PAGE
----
What should I do after I have been bitten by a dog?

Contact the Police of Animal Control and make a report.

 

Seek prompt medical attention.

The first thing you should do is worry about yourself and seek appropriate medical attention. Clean the wound with soap and lots of water to lessen the chance of infection. Apply antibiotic ointment to any wound caused by the dog's teeth. Use gauze or a clean towel to stop any bleeding. Watch the site of the dog bite for signs of infection, such as redness or swelling. If there are signs of infection, you should immediately seek medical attention.

The CDC found that 45 percent of all dog-related injuries were to the arm or hand region, with most of those to the hand and lower arm. They also found that 26 percent of dog attacks resulted in injuries to the leg or foot region, with the bulk of those injuries to the lower leg. Finally, the study showed that 23 percent of attacks were to the head or neck region.

 

Make a police report.

This may be the furthest thing from your mind after being bitten, but making a police report is very important. First, you need to have some proof that you were bitten by the particular dog. Without a police report, the owner may deny their dog bit you. You may find out that who you thought was the owner was not actually the owner. The police will make sure all this information is properly documented. If you are going to make a claim for your injuries, a police report will also be important.

 

Recovery after a dog bite.

Recovery time from a dog bite injury can vary depending on the severity of the injury. The CDC reports that 40 percent of dog bites resulted in puncture wounds while 25 percent were lacerations. The remaining dog bites resulted in abrasions, infections, or hematoma. Remember to keep the wound clean and watch for signs of infection. If you received stitches, be sure to follow up to have the stitches removed when told to do so by the doctor. Taking them out yourself or waiting too long to remove the stitches can result in worse scarring.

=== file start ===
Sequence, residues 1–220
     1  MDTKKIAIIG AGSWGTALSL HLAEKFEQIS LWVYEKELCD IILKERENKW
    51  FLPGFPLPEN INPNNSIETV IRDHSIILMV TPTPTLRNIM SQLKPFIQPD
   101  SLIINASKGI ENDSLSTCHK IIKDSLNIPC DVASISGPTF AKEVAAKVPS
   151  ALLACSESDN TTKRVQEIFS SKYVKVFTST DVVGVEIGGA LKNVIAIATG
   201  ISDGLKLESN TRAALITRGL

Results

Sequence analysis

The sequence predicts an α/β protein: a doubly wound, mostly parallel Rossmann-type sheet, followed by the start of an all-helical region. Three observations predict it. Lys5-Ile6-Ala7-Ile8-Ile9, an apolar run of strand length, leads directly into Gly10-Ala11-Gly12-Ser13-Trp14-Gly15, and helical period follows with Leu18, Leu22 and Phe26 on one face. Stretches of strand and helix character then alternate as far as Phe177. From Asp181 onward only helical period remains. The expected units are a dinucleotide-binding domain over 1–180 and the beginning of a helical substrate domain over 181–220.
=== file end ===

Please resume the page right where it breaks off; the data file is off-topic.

How to lessen the effect of scarring.

Scarring is a potential long term consequence following a dog bite. Whether the dog bite results in tearing, or you receive stitches, or even with puncture wounds, scarring is a life long reminder of being bitten by the dog. Over the counter scar creams can help minimize scarring. The action of rubbing the wound with cream helps keep the skin moist which also helps the healing process. When we represent dog bite victims with scarring, we often send them to a plastic surgeon who can advise whether there are any cosmetic procedures which may lessen the visibility of the scar.

 

What are your legal rights against the owner of the dog?

Under Illinois law, if you have been bitten by a dog, you have the legal right to recover from the owner of the dog. What's more, the law is broader than allowing recovery from just the owner of the dog. Under the Animal Control Act, anyone who harbors a dog is responsible when a dog bites someone. There are, however, a few defenses to a dog bite case.

 

Seek the advice of a personal injury lawyer.

There are many potential pitfalls in making a recovery for a dog bite. Perhaps you don't want to make a claim against the owner of the dog or perhaps the neighbor's dog bit your child and you do not want to sue your neighbor. If you have any questions about what happens to a dog when it bites someone, you should consult with a lawyer who is familiar with dog bite cases. If you have questions, please contact McCready, Garcia & Leet for a free, no obligation, consultation by calling us at 773-779-9885 or contact us by e-mail. For more information, consult the topics below.